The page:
Thursday, April 11, 2013

Last Call: Roll The Tape

And the strange tale of Who Recorded Mitch The Turtle's Meeting continues...and takes a right turn straight into Insaneoville.

A secret recording of a campaign strategy session between U.S. Senator Mitch McConnell and his advisors was taped by leaders of the Progress Kentucky super PAC, says a longtime local Democratic operative.

Mother Jones Magazine released the tape this week. The meeting itself took place on Feb. 2.

Jacob Conway, who is on the executive committee of the Jefferson County Democratic Party, says that day, Shawn Reilly and Curtis Morrison, who founded and volunteered for Progress Kentucky, respectively, bragged to him about how they recorded the meeting.

Oh yes lawd, the same Wonder Twins who took a big flying crap on everything "progressive" in Kentucky (making my job ever so much harder) by tweeting at best stupid and at worst racist crap about Mitch McConnell's wife are apparently the braintrust behind giving McConnell everything he needs to assume the air of aggrieved victim for the entire rest of the campaign.

Oh, and it gets worse.

Shortly after WFPL broke the story on Thursday afternoon, Conway told Fox News Channel's Megyn Kelly that he didn't want the actions by Reilly and Morrison to inflict damage on Democrats in Kentucky.

"The only reason that I came forward with what I knew was I was trying to protect the Democratic Party," Conway said. "I believe in our party's values, and I was doing what I thought was best for the party because I did not want their bad behavior, their poor mistakes — I shouldn't say "bad behavior" — their mistakes, their lack of judgment to hurt our party's efforts here in the state Kentucky and in Jefferson County, here in Louisville."

And worse...

The county Democratic Party official who outed two Democratic super PAC operatives in the Mitch McConnell secret tape case has been contacted by the FBI.

Jacob Conway, who sits on the executive committee of the Jefferson County, Ky. Democratic Party, told TPM on Thursday that he was going in to be interviewed at the bureau's Louisville, Ky. office.

And even worse...

The treasurer of Progress Kentucky, a liberal group accused of recording a private campaign strategy session held by aides of Senate Minority Leader Mitch McConnell, resigned soon after Mother Jones published the audio on Tuesday.

"At this time based on advice of both friends and counsel, I will be not be making a public statement available until everything has been reviewed by an attorney at this time," Douglas L. Davis told NBC News on Thursday. "I have resigned my position as treasurer and did not and do not condone any allegations of illegal activity that might have taken place."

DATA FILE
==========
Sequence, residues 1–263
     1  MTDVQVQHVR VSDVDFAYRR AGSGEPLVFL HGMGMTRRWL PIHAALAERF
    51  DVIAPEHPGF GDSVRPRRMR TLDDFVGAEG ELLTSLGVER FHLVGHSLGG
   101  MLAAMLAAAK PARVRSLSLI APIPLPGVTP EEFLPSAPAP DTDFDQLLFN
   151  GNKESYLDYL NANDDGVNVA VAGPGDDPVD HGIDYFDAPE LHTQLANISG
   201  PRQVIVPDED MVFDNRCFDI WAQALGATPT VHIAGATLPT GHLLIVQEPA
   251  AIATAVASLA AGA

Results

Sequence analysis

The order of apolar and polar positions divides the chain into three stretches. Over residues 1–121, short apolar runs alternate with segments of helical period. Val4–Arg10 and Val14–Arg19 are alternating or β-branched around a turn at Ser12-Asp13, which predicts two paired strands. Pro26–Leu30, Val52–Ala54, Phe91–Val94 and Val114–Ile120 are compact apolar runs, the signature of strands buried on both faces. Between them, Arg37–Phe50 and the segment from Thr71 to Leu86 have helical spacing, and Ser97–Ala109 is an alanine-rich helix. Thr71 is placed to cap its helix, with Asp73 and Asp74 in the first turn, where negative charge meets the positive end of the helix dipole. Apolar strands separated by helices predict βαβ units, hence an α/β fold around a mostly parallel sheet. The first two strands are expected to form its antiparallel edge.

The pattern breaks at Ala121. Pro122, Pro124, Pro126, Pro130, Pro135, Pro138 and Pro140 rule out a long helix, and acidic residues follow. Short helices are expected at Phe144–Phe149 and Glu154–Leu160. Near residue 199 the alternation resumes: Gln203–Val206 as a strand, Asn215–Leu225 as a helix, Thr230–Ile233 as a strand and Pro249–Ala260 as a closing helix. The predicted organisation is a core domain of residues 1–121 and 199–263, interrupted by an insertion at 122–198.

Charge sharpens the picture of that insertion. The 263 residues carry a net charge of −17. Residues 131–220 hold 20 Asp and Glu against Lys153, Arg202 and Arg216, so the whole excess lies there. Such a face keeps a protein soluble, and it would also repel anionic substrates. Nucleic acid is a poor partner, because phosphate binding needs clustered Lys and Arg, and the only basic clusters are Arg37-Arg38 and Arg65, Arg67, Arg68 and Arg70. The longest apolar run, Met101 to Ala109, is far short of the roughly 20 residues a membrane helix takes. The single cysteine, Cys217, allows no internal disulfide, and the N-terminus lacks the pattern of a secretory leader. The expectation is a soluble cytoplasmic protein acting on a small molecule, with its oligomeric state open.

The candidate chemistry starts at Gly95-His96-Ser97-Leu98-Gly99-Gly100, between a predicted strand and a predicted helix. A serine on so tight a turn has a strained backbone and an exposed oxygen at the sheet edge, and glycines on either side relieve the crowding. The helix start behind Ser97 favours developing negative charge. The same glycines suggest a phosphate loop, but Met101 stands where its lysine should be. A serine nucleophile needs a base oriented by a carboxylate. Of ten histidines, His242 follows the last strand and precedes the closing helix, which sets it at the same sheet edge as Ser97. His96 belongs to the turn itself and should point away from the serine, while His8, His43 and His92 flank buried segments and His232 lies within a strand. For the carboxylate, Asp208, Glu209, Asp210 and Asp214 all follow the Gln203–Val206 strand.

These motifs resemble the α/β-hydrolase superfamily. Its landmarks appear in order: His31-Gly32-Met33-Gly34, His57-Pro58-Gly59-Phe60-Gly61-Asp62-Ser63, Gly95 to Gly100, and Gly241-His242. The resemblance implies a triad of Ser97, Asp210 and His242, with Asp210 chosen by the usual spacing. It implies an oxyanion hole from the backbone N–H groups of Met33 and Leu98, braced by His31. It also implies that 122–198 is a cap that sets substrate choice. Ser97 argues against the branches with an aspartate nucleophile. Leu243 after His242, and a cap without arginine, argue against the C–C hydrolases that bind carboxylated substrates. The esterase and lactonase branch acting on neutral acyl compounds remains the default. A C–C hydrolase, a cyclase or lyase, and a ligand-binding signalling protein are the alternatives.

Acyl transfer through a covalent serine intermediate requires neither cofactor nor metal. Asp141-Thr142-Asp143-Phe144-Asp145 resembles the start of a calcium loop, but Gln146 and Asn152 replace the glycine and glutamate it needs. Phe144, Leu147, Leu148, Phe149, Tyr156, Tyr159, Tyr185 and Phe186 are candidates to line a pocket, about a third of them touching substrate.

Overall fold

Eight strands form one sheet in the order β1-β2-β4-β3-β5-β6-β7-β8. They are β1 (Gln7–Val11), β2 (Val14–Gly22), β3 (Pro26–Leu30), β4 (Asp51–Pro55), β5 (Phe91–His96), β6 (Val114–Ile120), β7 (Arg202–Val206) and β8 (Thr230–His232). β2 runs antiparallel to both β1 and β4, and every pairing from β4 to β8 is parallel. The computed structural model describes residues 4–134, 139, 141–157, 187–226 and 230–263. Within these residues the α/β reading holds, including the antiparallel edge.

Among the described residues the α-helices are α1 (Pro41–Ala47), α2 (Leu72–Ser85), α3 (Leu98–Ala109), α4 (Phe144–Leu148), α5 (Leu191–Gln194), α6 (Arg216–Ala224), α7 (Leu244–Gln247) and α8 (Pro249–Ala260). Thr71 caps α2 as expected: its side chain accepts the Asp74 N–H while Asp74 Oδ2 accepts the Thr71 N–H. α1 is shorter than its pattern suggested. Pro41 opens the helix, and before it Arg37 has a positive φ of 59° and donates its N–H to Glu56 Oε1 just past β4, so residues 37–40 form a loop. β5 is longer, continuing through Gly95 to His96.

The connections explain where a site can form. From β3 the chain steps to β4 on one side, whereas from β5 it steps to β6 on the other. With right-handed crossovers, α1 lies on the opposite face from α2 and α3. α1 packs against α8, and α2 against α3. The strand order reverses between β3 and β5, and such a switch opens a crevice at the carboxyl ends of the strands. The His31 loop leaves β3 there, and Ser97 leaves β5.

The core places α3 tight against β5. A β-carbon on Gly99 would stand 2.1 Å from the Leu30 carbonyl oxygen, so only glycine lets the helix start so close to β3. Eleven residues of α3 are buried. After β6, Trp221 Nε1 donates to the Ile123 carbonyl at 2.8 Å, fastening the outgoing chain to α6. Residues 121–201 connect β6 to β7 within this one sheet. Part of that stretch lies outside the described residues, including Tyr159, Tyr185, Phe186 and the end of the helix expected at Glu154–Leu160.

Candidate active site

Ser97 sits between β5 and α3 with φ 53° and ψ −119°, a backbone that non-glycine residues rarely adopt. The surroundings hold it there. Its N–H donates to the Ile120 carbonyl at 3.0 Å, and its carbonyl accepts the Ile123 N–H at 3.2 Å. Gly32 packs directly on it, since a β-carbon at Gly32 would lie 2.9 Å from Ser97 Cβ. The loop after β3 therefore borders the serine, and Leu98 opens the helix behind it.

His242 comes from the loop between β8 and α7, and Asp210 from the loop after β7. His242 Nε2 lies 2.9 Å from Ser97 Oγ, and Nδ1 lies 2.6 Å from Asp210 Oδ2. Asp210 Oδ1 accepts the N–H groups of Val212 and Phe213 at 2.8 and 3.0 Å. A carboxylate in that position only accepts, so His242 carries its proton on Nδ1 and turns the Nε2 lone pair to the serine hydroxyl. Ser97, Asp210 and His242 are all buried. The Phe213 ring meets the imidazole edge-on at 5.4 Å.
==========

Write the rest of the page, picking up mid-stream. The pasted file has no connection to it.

And if possible, even worse.

In October 2003, Louisville was shaken to its core when 20-year-old Zachary Scarpellini was gunned down outside his Highlands apartment. The tony and quiet neighborhood of victorian mansions – home to residents like Ambassador Matthew Barzun and prominent businessman-turned-politician Bruce Lunsford – was rattled awake by gunfire, left terrified and in shock over such a violent crime.
The only witness at the scene other than the alleged gunman was Scarpellini’s roommate, Shawn Reilly, now Executive Director of Progress Kentucky. Reilly’s claim at the time of the crime was that he and Scarpellini were merely following someone they thought was breaking into cars. According to a report in the Bellarmine University (where Scarpellini was a student) newspaper, The Concord, investigators believed the shooting was random and the victim did not know his killer.

And even worse than that...

And God help me, even worse.

It's...crazy.  Shaw Reilly is now throwing his friend and Progress KY co-founder directly to the Feds at near light speed.  More tomorrow...

Air Farce, Or Into The Wild Blue Slander

The USAF general who unilaterally overturned a lieutenant's conviction for sexual assault last year is speaking out about the case, and frankly, yeah he's just as awful as you could imagine.